Atal New India Challenges – Product and Service Innovations with National Impact
AIM has organized over 24 Atal New India Challenges in collaboration with five different ministries and agencies of the central government. The AIM will generate product and service innovations with national socioeconomic effect. Out of the 950+ applications received, 52 applicants were shortlisted for grant in aid support and handholding by AIM Incubators / Mentors. To date, 13 innovations have received grant-in-aid funding, while others are undertaking due diligence.
ARISE ANIC challenges – to stimulate startup/ MSME industry innovation
To improve research capabilities in the startup and MSME ecosystem. AIM has launched 15 ARISE-ANIC challenges in collaboration with partner Ministries. Such ministries are the Ministry of Housing and Urban Affairs, Ministry of Health and Family Welfare, Indian Space Research Organisation, Ministry of Defence, and Ministry of Food Processing Industries. Deserving concepts will be transformed into practical creative prototypes, which will then be followed by product development and commercialization. 160 candidates have been chosen for further consideration and are now being assessed.
Mentor of Change (Mentorship and Partnerships – with Public, Private sector, NGOs, Academia, Institutions)
To help all of the activities thrive, AIM has developed “Mentor India – The Mentors of Change,” one of the largest mentor engagement and management programs in the world. On the AIM INNONET site, AIM has over 10,000 registrations, with 4000 of them assigned to ATLs and AICs.
Challenges of Atal Innovation Mission
India is the world’s largest democracy. With over a billion people, 33 states, eight union territories, and various languages, each with its own set of difficulties and problems to address, both in terms of economic growth and societal demands. It is critical to educate future innovators on the scope and significance of these issues.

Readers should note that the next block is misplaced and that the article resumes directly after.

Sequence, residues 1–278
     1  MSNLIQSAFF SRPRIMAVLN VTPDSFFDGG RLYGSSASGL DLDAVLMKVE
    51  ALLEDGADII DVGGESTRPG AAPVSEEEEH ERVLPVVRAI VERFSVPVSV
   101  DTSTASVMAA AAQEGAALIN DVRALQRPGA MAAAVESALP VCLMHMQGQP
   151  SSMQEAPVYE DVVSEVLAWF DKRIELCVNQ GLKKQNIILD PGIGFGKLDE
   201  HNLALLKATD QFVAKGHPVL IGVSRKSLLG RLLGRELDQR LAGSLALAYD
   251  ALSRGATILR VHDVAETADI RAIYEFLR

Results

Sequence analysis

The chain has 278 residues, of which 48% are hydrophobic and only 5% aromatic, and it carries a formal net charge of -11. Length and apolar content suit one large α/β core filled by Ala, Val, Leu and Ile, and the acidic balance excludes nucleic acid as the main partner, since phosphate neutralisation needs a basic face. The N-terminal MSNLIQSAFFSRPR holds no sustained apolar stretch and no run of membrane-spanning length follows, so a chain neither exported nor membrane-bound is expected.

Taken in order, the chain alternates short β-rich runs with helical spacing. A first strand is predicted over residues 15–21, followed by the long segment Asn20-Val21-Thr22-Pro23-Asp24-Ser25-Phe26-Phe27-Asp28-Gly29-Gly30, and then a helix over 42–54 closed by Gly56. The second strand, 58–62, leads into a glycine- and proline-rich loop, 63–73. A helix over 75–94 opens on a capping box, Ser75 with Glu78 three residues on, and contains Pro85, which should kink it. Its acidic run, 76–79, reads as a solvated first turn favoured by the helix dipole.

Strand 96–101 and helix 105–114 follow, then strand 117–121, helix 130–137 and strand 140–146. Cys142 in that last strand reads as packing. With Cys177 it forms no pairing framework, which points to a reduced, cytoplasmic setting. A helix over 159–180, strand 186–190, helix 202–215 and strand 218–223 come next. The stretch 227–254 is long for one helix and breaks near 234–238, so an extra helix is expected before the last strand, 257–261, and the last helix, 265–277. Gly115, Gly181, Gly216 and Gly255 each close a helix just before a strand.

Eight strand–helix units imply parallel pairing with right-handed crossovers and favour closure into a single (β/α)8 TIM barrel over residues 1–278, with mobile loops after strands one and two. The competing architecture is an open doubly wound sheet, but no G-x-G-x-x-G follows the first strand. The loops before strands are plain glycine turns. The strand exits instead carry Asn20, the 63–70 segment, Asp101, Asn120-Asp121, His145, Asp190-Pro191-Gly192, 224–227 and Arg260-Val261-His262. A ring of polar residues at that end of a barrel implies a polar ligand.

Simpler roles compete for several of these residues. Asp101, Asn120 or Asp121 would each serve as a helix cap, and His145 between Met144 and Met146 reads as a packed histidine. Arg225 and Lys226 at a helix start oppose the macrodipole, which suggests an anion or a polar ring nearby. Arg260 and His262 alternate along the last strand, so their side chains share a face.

As a result, there is a pressing need to incentivize relevant problem solving and innovations at local, regional, and national levels across the country – in schools, universities, industry, and even at the global level.
The Atal Tinkering Challenges at the school level. The Atal New India Challenges at the start-up and university levels, and the Atal Grand Challenges at the national level will incentivize. Such an incentive involves relevant problem solving, innovations, and entrepreneurships that can have ready markets for them while also allowing for the creation of new markets. 24 Atal New India is a fictional character created by Atal New India.
Drinking water and sanitation, urban housing and development, climate smart agriculture, rail safety and transportation, and other areas where product innovations can help the country as well as be economic successes, have all been introduced as challenges. Over 35000 students participated in the recent Atal Tinkering Marathon, resulting in 6000+ innovations in five competitions held across the country.
Achievements of Atal Innovation Mission
- More than 350 collaborations have been established to help the country’s innovation ecosystem grow.
- Nearly 5000 Atal Tinkering Labs have been established in 660 districts in India, providing access to over 2.5 million kids.
- More than 10,000 mentors have signed up, with at least half of them having direct experience with ATLs and startups.
- In conjunction with the AIM, the National Association of Software and Services Companies (NASSCOM) has produced an Artificial Intelligence-based teaching module for school-aged pupils.
- Mentor India, one of India’s largest mentoring networks, was founded by AIM.